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James Faed, Artist and Engraver

At the time of his death on 23rd September 1911, James Faed was the last survivor of a famous family of artists. James' elder brother was John Faed RSA and a younger brother was Thomas Faed RA HRSA. The brothers grew up in Gatehouse, where James helped his miller father. His first large work was after a group portrait by his brother Thomas of Walter Scott and His Literary Friends, followed by another group of poets and friends of Shakespeare at the Mermaid Tavern after John Faed. From 1848-1898, James Faed engraved over 140 plates for leading Victorian artists such as Sir John Watson Gordon PRSA, John Graham Gilbert, Sir Daniel MacNee PRSA, Norman Macbeth, Sir J Noel Paton, Franz Winterhalter and Sir George Reid PRSA. As well as Scottish aristocracy, his commissions included sitters from the medical, religious and scientific world as well as landed gentry, many of whom were connected with hunting. The Duke of Buccleuch, his son Lord Dalkeith, The Earl of Galloway, Sir Andrew Agnew of Lochnaw and Wellwood Herries Maxwell of Munches were all subjects of Faed’s plates. James Faed died in Edinburgh aged 90. He was married to Mary Cotton who bore him eight children, including the artists James Faed Junior and William Cotton Faed.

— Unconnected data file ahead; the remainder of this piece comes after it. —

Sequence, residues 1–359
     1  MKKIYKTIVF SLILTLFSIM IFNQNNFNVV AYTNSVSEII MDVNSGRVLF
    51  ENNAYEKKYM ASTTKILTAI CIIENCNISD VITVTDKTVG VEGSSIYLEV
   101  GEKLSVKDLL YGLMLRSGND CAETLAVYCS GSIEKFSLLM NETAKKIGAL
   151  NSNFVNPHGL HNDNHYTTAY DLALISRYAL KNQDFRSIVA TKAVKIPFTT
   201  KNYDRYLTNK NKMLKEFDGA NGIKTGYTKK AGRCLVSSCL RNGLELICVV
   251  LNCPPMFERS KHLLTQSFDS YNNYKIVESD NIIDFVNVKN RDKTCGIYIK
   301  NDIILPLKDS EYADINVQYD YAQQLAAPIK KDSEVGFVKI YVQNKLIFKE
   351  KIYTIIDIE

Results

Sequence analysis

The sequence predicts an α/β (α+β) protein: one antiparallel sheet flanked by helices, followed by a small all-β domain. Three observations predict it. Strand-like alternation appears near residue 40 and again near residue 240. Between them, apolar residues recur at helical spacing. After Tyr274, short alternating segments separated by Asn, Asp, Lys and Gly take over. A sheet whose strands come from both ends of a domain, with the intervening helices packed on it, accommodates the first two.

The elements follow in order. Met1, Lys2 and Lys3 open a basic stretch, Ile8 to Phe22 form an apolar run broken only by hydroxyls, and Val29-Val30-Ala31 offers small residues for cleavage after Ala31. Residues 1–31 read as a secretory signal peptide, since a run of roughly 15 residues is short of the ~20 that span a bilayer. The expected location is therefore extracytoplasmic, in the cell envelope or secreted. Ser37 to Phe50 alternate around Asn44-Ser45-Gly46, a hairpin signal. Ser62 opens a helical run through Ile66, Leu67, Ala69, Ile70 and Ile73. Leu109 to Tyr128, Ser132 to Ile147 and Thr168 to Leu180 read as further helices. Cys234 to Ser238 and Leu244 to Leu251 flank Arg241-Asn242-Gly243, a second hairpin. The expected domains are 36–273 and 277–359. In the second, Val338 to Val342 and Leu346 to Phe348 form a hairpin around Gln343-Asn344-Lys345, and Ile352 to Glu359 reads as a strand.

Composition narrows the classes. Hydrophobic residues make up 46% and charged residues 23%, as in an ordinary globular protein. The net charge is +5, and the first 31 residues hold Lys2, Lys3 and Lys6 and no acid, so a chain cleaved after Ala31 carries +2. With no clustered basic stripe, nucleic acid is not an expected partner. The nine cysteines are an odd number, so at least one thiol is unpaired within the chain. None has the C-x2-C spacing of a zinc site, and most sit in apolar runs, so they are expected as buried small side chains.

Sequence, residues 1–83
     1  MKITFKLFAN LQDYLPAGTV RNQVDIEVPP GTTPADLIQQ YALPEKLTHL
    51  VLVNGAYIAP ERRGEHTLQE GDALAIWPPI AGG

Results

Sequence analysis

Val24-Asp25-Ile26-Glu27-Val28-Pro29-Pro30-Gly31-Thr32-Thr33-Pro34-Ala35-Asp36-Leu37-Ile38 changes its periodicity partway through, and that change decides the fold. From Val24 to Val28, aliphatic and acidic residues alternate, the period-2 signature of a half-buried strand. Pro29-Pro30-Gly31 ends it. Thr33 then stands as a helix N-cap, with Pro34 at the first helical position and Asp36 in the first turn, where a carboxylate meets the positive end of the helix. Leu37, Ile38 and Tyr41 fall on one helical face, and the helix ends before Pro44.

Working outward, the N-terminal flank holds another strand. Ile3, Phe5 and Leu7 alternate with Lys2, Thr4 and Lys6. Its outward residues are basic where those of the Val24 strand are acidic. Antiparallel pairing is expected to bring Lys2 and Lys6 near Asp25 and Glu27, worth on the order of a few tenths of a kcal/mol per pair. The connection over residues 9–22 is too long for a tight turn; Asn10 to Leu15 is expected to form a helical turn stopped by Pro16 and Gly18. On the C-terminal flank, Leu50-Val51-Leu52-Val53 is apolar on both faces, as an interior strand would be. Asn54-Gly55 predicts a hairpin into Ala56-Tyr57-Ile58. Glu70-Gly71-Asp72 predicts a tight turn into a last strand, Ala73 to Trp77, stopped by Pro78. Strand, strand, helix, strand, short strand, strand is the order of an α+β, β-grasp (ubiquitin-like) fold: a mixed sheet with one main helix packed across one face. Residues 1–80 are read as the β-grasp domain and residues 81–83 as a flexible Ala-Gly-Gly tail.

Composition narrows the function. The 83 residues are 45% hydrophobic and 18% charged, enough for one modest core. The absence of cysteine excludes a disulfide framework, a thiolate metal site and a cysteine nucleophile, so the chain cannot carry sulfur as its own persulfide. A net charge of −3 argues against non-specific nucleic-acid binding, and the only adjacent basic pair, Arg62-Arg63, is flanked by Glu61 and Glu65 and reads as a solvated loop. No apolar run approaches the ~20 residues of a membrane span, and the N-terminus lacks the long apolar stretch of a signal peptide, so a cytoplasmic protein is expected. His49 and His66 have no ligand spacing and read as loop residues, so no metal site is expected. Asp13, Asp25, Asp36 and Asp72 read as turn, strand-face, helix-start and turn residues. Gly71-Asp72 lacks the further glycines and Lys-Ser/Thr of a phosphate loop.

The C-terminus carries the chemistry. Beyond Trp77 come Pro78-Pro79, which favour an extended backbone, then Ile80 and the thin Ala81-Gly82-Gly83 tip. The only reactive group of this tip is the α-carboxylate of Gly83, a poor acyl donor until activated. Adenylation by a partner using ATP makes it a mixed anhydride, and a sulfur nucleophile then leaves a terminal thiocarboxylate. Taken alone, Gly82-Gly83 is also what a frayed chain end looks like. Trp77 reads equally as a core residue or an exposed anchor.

Also on show

Views in Wigtownshire

A collection of photographs of Victorian Wigtownshire
The original photographs are in a bound leather volume called ‘Views in Wigtownshire’. The album was found in Italy and has been donated to the Museum by the late John Ross. Most of the views were taken in the Machars. There are photographs of Whithorn, Port William and Garlieston as well as shots of individual buildings like Glasserton Church, Ravenstone Castle and The Old Place of Mochrum. Of particular interest is an image of the Colchester oyster fleet at the Isle of Whithorn.


The views are undated but a number of clues suggest that they were probably taken in the 1860s and early 1870s. If this is correct then these are some of the earliest surviving photographs of Wigtownshire. Visitors to the exhibition may be able to cast more light on the date of the photographs and the identity of the photographer.


The accompanying notes are by Jack Hunter, who, together with a number of other local historians, has been researching the photographs.


A booklet of the collection of photographs is on sale at the Museum.


Both exhibitions are at Stranraer Museum until 25 February. Admission is free.